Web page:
Reaching the top of her first Munro, 12-year-old H is all smiles. But her face, just a few hours earlier as she set off to ascend Ben Chonzie, in the Scottish Highlands, couldn’t have been more contrasting. The sullen look over breakfast and the whines of: “But do I have to?”, “Why can’t I stay home?”, “What’s the point in walking” are now forgotten and atop of the 931m summit, H talks excitedly about the views, the fun of the walking and talking and how lovely it is to be out with her dog.

No doubt every parent has experienced similar. While the grown ups are keen to do something active with the family, the kids think it’s boring. But walking doesn’t have to be dull. It can be fun, exciting and ultimately rewarding.Remarkably, most parents find that once the kids are kitted out in suitable clothing and strolling through the countryside they sddenly realsie that it's a lot more fun than they had imagined.

At the end of the Munro day last October, H was tired but thrilled with herself. She had been the only child in a group of adults walking the Munro that day and she was proud of her achievements. Months later, she still smiles at the thought of how far she walked that day.

How to make a walk less boring

Walking for walking’s sake might not always appeal to children, so how about turning the walk into a bit of an adventure? Here we bring you foue great ideas for fun family walks.

Go to the top: A steady ascent of a big hill brings numerous rewards including fabulous views of the surrounding landscape and the inevitable descent! Tell the kids that you’ll have a picnic or a snack at the top and the first one to reach the summit wins a special treat. If you can take a dog (your own or borrow one you know will enjoy the walk) all the better. With a dog running ahead on a hill, the kids are sure to be encouraged to chase after it.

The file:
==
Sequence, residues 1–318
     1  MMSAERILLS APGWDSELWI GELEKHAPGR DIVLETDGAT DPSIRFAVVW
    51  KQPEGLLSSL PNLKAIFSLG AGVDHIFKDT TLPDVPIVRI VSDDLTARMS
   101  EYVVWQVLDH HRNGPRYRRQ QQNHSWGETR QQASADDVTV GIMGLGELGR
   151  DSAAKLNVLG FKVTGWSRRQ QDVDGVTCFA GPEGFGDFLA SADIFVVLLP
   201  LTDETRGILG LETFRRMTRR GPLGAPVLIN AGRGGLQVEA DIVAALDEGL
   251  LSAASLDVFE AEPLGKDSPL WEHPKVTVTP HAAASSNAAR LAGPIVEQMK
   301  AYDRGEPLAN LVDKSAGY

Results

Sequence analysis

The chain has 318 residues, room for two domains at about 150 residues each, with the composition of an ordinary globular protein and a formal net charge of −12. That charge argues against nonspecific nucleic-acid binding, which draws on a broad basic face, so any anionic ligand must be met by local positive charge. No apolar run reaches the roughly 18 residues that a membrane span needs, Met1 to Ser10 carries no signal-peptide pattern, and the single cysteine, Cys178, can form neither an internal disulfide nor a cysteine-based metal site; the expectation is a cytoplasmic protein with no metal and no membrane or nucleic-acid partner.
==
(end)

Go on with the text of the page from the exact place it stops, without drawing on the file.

Scavenger walk: Before setting off for your walk, give your children a checklist of items that they need to find while walking. This could include leaves from trees, a Highland cow, something black and white, a smooth pebble. Or you could theme the list to be 20 things that are different shades of green. 

Family geocaching: The official version of Geocaching is conducted via on-line geocache sites and requires players to hunt for “caches” according to coordinates on a GPS. You can re-create a simple family-friendly style geocache by planning ahead and hiding a few items somewhere along your chosen walking route. You then give your children a map of the area and the grid co-ordinates of where you’ve hidden the items. Children will have fun reading the map and a compass to locate these "treasures”.

Taking the lead: Most children will enjoy basic map reading. Show them how to use a map and compass, and set them the task of guiding you to the next knoll or a fixed point in the distance. You’ll need to explain how to pace distances, but we’re assuming that if you’re out in the hills with the kids you’ll know this basic navigation yourself.

Treasure Trails: This is a fun way to take in a walk and find out more about the area. There are more than 550 official Treasure Trail locations in the UK and you simply need to sign up to the treasure trails website and then buy your chosen treasure hunt. The idea is to hunt for answers to clues about points of interest en route and then to solve the “mystery". Walks are around two miles long but take longer than average walking pace as you hunt for answers. The treasure trails can be in town or in the countryside.

Great outdoor clothing for children

Like adults, the children will want to stay warm and dry when out on a family walk. It doesn’t need to cost the earth to kit them out in good quality children’s outdoor clothing. The minimum would be a pair of walking boots or shoes and a waterproof jacket.

Why not get them to carry their own rucksack, filled with snacks, a magnifying glass, a compass, a map and a drink? If the weather looks dodgy, pop a pair of waterproof trousers into the rucksack for the child and don’t forget hats and gloves on cooler days.

Do you have any tips for happy family walking?